Guest / Limited Access /

What do an engineer from Alabama, a newspaper columnist in Dallas, and a host on CBS's The Early Show in New York all have in common? An interest in the gospel--according to Andy, Barney, Opie and Aunt Bee, that is. People from around the country are taking note of a new Bible-study series based on the popular 1960s television program, The Andy Griffith Show."I've been a fan for a long time," says Joey Fann, 34, of Huntsville, Ala. A software engineer, Fann watched reruns of the show in college to relieve stress. "I noticed that some episodes brought out a certain moral point," he says.Fann eventually created a study for his church in Huntsville based on several of the episodes. "The first class had about 20 people," he remembers. That was two years ago. In the months that followed, Thomas Nelson publishers took notice and agreed to distribute the series nationwide.Since its release in May 2000, churches and ministries have purchased over 6,000 copies of the video-and-study-guide series. "We have some churches that are buying hundreds of the study guides at a time," says Harry Clayton, senior vice president of Nelson Word Multimedia Group.Congregations will show an episode before breaking members into small groups for discussion, says Jim Baird, director of Nelson Word. "It's not a study of the show," he says. "It's a Bible study. The show simply illustrates biblical values." Each study offers a handful of Scriptures and a series of questions intended to help participants connect the show with biblical ideas.Some critics, however, consider the study an attempt to satisfy an "entertain me" mentality of the American church. The central themes exalt basic moral principles without keeping Christ and the basic doctrines of Christianity ...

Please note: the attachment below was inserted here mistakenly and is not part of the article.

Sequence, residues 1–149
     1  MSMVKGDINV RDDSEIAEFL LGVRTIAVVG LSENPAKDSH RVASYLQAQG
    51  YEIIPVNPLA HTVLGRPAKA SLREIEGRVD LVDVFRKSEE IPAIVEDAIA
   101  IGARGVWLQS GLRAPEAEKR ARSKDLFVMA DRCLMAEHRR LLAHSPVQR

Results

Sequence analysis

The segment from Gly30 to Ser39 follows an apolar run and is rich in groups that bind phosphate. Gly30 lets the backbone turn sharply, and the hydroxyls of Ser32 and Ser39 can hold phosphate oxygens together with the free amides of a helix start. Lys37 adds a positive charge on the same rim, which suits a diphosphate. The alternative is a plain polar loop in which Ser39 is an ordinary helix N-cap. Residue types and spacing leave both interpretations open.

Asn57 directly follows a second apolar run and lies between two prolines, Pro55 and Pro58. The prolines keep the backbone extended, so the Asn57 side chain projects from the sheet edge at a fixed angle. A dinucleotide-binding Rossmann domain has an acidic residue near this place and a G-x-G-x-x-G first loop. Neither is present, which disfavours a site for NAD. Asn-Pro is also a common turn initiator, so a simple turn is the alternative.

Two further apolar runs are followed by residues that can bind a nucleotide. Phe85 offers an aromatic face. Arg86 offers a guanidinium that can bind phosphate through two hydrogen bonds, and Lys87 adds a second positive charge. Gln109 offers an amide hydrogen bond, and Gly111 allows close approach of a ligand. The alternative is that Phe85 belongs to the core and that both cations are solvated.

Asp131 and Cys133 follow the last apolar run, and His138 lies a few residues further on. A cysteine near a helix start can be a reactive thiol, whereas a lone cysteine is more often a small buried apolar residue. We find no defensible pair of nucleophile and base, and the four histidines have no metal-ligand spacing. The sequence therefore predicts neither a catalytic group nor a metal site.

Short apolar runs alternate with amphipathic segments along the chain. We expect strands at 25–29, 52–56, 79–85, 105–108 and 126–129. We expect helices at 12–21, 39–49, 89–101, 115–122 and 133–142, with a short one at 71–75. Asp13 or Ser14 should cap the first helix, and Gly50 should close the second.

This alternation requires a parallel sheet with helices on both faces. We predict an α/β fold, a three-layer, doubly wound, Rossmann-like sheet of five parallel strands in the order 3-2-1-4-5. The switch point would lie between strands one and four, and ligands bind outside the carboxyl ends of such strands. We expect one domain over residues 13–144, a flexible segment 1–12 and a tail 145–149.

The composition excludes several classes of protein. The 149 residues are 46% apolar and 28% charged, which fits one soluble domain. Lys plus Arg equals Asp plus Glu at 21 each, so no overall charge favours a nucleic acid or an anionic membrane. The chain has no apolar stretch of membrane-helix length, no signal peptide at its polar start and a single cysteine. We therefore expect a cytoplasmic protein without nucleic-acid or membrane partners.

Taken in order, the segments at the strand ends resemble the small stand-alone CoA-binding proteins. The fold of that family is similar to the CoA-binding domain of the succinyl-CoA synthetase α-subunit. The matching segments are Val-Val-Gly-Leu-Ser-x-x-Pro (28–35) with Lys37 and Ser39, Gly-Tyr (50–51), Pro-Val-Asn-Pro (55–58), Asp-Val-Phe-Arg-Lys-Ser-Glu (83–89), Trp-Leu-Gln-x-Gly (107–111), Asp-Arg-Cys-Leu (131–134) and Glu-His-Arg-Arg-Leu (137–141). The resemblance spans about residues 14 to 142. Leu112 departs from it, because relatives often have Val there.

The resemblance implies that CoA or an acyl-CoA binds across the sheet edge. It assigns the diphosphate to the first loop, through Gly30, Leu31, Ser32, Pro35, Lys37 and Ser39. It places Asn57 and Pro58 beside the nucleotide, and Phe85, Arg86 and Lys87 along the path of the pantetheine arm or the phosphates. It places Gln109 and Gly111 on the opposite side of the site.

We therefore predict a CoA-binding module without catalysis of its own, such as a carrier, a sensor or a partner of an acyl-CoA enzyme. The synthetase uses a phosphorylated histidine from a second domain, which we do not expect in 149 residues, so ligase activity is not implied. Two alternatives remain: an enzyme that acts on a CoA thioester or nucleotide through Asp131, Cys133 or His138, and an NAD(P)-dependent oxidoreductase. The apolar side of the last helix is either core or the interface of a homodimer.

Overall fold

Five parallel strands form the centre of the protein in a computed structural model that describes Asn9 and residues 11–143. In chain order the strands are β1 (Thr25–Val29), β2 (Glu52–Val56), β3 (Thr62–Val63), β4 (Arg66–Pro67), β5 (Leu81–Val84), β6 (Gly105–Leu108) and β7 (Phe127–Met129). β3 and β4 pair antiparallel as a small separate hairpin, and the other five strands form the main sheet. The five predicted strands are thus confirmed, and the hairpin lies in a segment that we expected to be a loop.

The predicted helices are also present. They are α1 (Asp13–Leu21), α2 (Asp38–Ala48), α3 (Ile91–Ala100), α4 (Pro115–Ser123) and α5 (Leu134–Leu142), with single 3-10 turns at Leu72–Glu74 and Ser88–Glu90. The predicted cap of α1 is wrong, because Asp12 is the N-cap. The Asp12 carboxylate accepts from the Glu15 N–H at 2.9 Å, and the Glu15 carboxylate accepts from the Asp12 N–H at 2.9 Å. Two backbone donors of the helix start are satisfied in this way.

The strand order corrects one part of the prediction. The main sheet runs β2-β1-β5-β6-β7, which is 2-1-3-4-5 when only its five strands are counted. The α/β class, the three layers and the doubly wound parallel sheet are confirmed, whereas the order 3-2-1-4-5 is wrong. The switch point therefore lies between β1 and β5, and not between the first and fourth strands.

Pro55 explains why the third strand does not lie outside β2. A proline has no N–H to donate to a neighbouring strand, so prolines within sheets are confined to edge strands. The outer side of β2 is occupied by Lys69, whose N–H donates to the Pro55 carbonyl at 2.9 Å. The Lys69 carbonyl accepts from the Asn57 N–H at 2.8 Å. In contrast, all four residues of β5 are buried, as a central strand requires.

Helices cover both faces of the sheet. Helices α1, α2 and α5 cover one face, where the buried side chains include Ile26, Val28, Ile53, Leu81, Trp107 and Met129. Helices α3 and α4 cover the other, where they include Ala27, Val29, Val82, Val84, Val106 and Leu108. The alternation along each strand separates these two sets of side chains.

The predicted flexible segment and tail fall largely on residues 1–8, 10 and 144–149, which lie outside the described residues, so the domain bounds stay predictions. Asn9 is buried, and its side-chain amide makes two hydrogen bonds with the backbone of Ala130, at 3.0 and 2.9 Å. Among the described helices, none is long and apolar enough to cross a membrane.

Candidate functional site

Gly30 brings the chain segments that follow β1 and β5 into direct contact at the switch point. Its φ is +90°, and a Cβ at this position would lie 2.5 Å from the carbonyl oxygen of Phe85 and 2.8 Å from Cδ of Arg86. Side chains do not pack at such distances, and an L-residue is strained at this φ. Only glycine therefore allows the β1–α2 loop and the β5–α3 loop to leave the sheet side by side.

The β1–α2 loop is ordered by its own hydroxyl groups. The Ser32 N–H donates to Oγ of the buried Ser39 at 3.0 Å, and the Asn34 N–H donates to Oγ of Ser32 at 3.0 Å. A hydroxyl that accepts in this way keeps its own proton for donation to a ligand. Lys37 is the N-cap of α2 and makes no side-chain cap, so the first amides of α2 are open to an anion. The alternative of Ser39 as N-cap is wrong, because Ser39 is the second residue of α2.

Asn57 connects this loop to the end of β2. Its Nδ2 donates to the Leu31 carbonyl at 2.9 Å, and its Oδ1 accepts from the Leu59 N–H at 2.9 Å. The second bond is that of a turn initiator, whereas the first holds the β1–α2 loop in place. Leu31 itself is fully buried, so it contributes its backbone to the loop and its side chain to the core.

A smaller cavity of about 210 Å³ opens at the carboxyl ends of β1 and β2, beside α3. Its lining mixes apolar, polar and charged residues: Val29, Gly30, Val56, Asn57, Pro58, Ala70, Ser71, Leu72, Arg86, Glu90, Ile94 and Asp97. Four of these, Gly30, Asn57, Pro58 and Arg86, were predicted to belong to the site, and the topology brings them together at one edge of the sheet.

Subscriber access only You have reached the end of this Article Preview

To continue reading, subscribe now. Subscribers have full digital access.

Tags:
From Issue:
Read These NextSee Our Latest
RecommendedAn Embarrassing Week for Christians Sharing Fake News
An Embarrassing Week for Christians Sharing Fake News
Don't believe everything you read on the Internet. You embarrass us all when you do.
TrendingMelinda Gates: ‘I’m Living Out My Faith in Action’
Melinda Gates: ‘I’m Living Out My Faith in Action’
One of the wealthiest and most controversial women in the world believes that all lives have equal value. She’s willing to spend $3.6 billion a year to prove her point.
Editor's PickWhat Having Millions of Followers Taught Me About Christian Dialogue
What Having Millions of Followers Taught Me About Christian Dialogue
Full House actress: Let’s stop attacking each other with Bible verses.
Comments
Christianity Today
Sunday School: What Would Andy Do?
hide thisSeptember 4 September 4

In the Magazine

September 4, 2000

To continue reading, subscribe now for full print and digital access.